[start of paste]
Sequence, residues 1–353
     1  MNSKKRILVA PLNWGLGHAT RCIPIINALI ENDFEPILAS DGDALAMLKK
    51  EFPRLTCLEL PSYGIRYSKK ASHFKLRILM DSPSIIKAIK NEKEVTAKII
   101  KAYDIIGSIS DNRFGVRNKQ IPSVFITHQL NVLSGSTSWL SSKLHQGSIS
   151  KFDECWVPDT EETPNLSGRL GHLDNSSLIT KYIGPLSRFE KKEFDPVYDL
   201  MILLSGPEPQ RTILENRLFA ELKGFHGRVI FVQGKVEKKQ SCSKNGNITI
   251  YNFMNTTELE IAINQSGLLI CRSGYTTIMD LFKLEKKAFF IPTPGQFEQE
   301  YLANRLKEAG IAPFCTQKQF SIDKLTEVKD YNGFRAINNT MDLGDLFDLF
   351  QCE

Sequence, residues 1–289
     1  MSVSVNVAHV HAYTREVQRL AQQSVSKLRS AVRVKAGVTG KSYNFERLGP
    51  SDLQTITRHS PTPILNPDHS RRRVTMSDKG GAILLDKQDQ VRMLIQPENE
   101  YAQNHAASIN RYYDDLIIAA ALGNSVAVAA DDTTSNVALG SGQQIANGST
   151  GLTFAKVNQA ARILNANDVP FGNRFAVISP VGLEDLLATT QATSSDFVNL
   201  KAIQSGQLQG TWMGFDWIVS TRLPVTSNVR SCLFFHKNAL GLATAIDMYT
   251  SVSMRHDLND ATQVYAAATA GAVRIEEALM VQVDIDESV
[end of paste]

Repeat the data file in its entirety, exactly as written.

Sequence, residues 1–353
     1  MNSKKRILVA PLNWGLGHAT RCIPIINALI ENDFEPILAS DGDALAMLKK
    51  EFPRLTCLEL PSYGIRYSKK ASHFKLRILM DSPSIIKAIK NEKEVTAKII
   101  KAYDIIGSIS DNRFGVRNKQ IPSVFITHQL NVLSGSTSWL SSKLHQGSIS
   151  KFDECWVPDT EETPNLSGRL GHLDNSSLIT KYIGPLSRFE KKEFDPVYDL
   201  MILLSGPEPQ RTILENRLFA ELKGFHGRVI FVQGKVEKKQ SCSKNGNITI
   251  YNFMNTTELE IAINQSGLLI CRSGYTTIMD LFKLEKKAFF IPTPGQFEQE
   301  YLANRLKEAG IAPFCTQKQF SIDKLTEVKD YNGFRAINNT MDLGDLFDLF
   351  QCE

Sequence, residues 1–289
     1  MSVSVNVAHV HAYTREVQRL AQQSVSKLRS AVRVKAGVTG KSYNFERLGP
    51  SDLQTITRHS PTPILNPDHS RRRVTMSDKG GAILLDKQDQ VRMLIQPENE
   101  YAQNHAASIN RYYDDLIIAA ALGNSVAVAA DDTTSNVALG SGQQIANGST
   151  GLTFAKVNQA ARILNANDVP FGNRFAVISP VGLEDLLATT QATSSDFVNL
   201  KAIQSGQLQG TWMGFDWIVS TRLPVTSNVR SCLFFHKNAL GLATAIDMYT
   251  SVSMRHDLND ATQVYAAATA GAVRIEEALM VQVDIDESV